Where are Mortgage Rates Going? It depends on how "soft" this landing is or isn't.

Soft Landing or Recession?  Why Is No One Looking at “Under Employment”? And what does it mean for mortgage rates?

Wall Street Investors are betting on a soft landing — a successful effort by the Federal Reserve to pare back inflation without sparking a recession — based on strong economic data and hopes that interest rate cuts are imminent.  So much so that their optimistic outlook helped trigger a huge market rally in the second half of last year, lifting the S&P 500 by 24% in 2023.  We loved seeing our retirement and money market account rebound, but there are still many economic yield signs that point to a ride on the struggle bus.

Here is the biggest economic flare:  The spread between the yields of the 2-year and 10-year US Treasury notes have been inverted since July 2022. When long-term bond yields fall below short-term bond yields it means that investors are more nervous about the immediate future than the longer term. These types of inversions have preceded each of the last 10 recessions. Let me rephrase that.  The market believes that there is more known short-term risk in the market today than there is in the unknown of 10 years from now.  That scares me.

So why are stocks rising as if we are living in a time of over-abundance, when the bond market is marching to high ground as if Tsunami alarms have rung?

Three reasons:

A)   Year over year inflation is easing, but still not yet back at the Federal Reserve’s two-year target. 

Counter Point: For some reason, the Fed and the stock market are stuck looking at year over year inflation, when ‘post-Covid’ inflation prices today are 26.6% higher than what they were in 2020. In that same period, median incomes have risen declined.  The US is also at well over a trillion dollars in credit card debt with rates higher than what we’ve seen since the early 80’s.  Credit Card Default rates are at a 12 year high (as of October 2023, 90-day delinquencies were at 5.08%; or just over 1 in 20 people were more than 90 days behind on a credit card payment).

B)   The unemployment rate is still remarkedly low.

Counter Point: The Fed and the Stock Markets are looking at metrics that were valid in simpler economies.  With ‘Gig Work’ employees and contract employees – an argument could be made that although unemployment isn’t an issue, UNDER-employment is the issue.

C)  Chicken Little and the Economy.  For just about 2 years now, many folks have been stating that a recession is coming and it hasn’t. 

Counter Point: Historically though, there’s a long lag before elevated interest rates take their toll on the economy.  Six out of the past 13 cycles saw the economic impact become most visible between 19 and 28 months after the first Fed hiked rates. That means a recession before the end of 2023 would have been quite early.  If we get to June without deeper signals of a recession, I’ll change my tune – but I do think one is coming.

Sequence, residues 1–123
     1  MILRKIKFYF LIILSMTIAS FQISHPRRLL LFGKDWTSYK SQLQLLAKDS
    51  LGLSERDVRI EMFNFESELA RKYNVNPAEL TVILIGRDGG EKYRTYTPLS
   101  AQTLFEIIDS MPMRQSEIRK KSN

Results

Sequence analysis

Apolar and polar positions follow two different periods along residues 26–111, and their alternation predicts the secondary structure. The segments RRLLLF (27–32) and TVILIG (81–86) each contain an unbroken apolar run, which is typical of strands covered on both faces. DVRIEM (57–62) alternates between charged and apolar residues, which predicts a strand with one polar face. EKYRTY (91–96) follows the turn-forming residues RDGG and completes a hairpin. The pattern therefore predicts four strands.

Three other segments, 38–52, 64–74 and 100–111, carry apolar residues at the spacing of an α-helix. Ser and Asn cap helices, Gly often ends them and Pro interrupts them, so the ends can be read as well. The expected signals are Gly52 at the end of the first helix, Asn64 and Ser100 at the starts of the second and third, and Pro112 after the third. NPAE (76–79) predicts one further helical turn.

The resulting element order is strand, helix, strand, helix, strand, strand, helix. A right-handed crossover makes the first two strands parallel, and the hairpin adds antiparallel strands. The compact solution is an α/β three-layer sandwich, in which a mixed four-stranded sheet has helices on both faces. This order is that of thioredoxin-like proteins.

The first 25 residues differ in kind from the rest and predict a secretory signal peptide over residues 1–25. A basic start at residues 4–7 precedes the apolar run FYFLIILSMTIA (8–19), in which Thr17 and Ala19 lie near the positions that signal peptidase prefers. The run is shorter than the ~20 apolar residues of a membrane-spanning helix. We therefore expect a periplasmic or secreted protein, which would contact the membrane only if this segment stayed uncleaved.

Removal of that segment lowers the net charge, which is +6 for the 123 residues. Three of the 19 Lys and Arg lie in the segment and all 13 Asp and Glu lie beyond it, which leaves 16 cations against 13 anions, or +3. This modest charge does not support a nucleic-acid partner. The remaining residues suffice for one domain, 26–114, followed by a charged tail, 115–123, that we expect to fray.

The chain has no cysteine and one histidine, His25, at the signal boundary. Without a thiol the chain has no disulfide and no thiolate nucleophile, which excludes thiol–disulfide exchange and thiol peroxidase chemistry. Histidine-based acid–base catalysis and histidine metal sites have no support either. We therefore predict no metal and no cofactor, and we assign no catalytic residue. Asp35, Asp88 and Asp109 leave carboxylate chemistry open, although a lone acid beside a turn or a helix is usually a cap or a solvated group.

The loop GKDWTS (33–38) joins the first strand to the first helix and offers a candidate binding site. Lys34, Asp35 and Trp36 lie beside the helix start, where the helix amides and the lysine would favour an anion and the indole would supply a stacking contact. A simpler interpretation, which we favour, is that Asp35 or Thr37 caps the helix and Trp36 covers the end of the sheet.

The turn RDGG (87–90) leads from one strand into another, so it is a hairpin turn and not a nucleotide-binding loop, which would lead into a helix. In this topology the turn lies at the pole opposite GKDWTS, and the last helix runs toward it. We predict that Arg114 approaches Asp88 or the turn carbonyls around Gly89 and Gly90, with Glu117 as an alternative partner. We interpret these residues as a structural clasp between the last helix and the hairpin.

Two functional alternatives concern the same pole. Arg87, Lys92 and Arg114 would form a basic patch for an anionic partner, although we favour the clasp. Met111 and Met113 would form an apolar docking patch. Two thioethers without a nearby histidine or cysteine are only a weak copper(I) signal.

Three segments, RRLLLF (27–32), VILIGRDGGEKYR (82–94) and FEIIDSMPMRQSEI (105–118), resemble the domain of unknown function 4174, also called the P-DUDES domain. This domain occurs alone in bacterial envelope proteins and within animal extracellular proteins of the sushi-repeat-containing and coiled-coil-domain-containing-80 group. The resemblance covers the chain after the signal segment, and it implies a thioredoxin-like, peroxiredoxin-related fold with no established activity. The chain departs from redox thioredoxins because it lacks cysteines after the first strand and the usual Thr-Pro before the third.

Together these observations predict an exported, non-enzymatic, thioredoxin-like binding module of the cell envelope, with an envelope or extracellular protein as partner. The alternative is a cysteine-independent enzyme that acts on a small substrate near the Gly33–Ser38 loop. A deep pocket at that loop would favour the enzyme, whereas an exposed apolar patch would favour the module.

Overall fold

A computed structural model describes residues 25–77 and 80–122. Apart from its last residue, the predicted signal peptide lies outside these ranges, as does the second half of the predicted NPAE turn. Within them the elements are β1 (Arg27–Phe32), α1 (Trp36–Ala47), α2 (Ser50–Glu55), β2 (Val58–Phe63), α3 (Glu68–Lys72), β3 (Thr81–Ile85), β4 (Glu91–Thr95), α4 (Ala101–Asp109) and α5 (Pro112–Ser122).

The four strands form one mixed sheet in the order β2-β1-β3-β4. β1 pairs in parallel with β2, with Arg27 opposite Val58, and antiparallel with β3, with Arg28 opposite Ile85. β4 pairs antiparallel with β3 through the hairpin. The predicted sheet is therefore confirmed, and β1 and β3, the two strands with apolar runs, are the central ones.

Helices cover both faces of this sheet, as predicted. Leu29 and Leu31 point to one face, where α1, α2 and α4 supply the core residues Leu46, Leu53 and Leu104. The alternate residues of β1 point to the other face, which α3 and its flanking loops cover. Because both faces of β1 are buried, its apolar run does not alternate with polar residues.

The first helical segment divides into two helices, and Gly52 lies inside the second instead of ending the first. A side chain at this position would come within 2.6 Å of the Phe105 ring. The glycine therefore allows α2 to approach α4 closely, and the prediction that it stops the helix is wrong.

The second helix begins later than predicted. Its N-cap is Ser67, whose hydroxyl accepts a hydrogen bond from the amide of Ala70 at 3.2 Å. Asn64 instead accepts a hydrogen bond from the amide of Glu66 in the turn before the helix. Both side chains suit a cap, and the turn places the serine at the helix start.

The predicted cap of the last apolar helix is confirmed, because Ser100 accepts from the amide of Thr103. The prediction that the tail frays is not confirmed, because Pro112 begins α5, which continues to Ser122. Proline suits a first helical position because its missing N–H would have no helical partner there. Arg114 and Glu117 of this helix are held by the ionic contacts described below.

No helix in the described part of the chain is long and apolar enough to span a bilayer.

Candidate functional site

Based on the above evidence alone, seemingly, the risk of recession is higher today than it was in 2022 or 2023.  And we may need to change the formal markers of a recession to include some sort of “Under-employment” rate based on CPI adjusted household incomes vs. a simple unemployment rate.  The median income in the United States is lower now than what it was pre-Covid, and NO ONE is talking about it.

In short: There’s a lot going on, and any outcome is possible.  And much of how the picture gets painted is based upon which media you read and which candidate for President in November they are rooting for.

What does this all mean for mortgage rates?

Currently, mortgage rates have baked into their pricing that the Fed will lowering the Federal Funds rate at least a few times in the next 12 months.  The Feds won’t do that if there continues to be strong economic news, and if inflation doesn’t retreat further.  If economy remains strong, mortgage rates stay higher.  When the economy feels pain, mortgage rates will fall.  Currently there isn’t enough pain for rates to drop below the mid to upper 6%’s on a conventional loans with a solid credit score and 20% down.

What do rates in the high 6’s mean for the Housing Market?

It no longer means a darn thing.  Home buyers are now ‘institutionalized’ (think Brooks from Shawshank Redemption) to our new normal.  Remorse over the artificially low rates seen during the Covid era are now in the rearview mirror.  I use the analogy to gas prices a lot.  When gas jumped up to $2.99 there was public outrage.  Now when we see $2.99 a gallon we celebrate and get in line to fill up even if our tank is three quarters full.  For the first time in quite some time, this winter, the nation saw more new homes hit the market than we did 12 months prior.  More inventory means more sellers.  More sellers means those sellers are potential buyers.

Anecdotally, our purchase business here at the Ryder Mortgage Group to start of 2024 is the best in quite a few years.  The home buying funk seems to be over.

Have any questions?  Want to nerd out with me on economic news?  I’d love to chat and heart your perspective as well!

* Specific loan program availability and requirements may vary. Please get in touch with your mortgage advisor for more information.

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